Bay Area Iranian Americans hope for change with death of Iran's President

Bay Area Iranian Americans who fled from the hardline leadership of Iran's Shah and later the religious clerics were not mourning the death of Iran's President Ebrahim Raisi on Monday.

Video released by Iranian state media showed search crews recovering the bodies of Raisi, the foreign minister, and others killed in Sunday's helicopter crash in Iran's East Azerbaijan province.

"What we feel is with Raisi out of the picture, the regime who is at war with its own people is going to be weaker," said Bay Area resident Hamid Azimi who is with the Iran American Community of Northern California.

Azimi is an expat who feels the personal pain, remembering Raisi's role in the execution of thousands of Iranian dissidents in the 1980s.

"In the summer of 1988, I had cousins who were arrested and put in prison for many years. I had schoolmates who were executed," Azimi said.

On Monday evening, dozens of Iranian expats gathered at the Emeryville Marina Park with flags and sweets, hoping that the change in leadership might inspire Iranian people to push for more freedoms.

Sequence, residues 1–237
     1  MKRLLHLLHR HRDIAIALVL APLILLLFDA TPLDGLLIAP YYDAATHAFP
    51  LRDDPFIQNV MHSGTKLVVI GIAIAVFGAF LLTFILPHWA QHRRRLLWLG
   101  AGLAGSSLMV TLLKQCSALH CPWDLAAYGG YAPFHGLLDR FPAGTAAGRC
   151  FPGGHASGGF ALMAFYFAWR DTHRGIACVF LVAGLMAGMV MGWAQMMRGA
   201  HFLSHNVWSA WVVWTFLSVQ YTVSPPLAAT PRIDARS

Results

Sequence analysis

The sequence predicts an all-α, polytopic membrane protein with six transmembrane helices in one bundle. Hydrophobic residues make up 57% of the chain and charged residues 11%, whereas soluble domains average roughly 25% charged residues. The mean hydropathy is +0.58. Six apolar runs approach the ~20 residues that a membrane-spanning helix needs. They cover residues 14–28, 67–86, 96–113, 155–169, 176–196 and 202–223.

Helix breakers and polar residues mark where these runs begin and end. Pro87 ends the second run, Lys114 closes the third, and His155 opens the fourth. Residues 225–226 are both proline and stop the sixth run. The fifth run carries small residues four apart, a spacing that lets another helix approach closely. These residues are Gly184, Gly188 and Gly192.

The crash happened in dense fog and came as a shock to Iran's regime.

Raisi, was the 63-year-old protege of Iran's Supreme Leader, the Ayatollah Ali Khamenei.

"He was considered to be a potential successor to the Supreme Leader," said Mahmood Monshipouri, a San Francisco State University Professor and UC Berkeley lecturer.

Professor Monshipouri says Raisi was a right-wing leader, known for his hardline crackdowns on Iranian opponents.

Monshipouri said Raisi had low support among the Iranian people, particularly in Tehran.

"Only 7 to 8% of them participated in the parliamentary election which indicates how poorly the regime is performing," Monshipouri said.

The United Nations Security Council held a moment of silence Monday. The U.S. State Department sent official condolences, but added, "we reaffirm our support for the Iranian people and their struggle for human rights and fundamental freedoms."

Also killed in the crash was Iran's  Foreign Minister Hossein Amirabdollahian. University of San Francisco Professor of Middle East Policy Stephen Zunes met him during a visit to Iran in 2019.

"He was strident...had a combined as very fundamentalist hardcore view of Shia Islam with a very, very strong nationalist sense about Iran, that he thought it was better for the Iran to go alone, even if it meant suffering international sanctions," Zunes said.

Elections have been scheduled for June 28th, however with no opposition party within Iran, many scholars say it is unlikely the next president will result in significant changes to Iran's policies or U.S.-Iran relations.

"The most powerful centers of power in Iran rest with the Supreme Leader and revolutionary guard, so not much should be anticipated to change," Monshipouri said.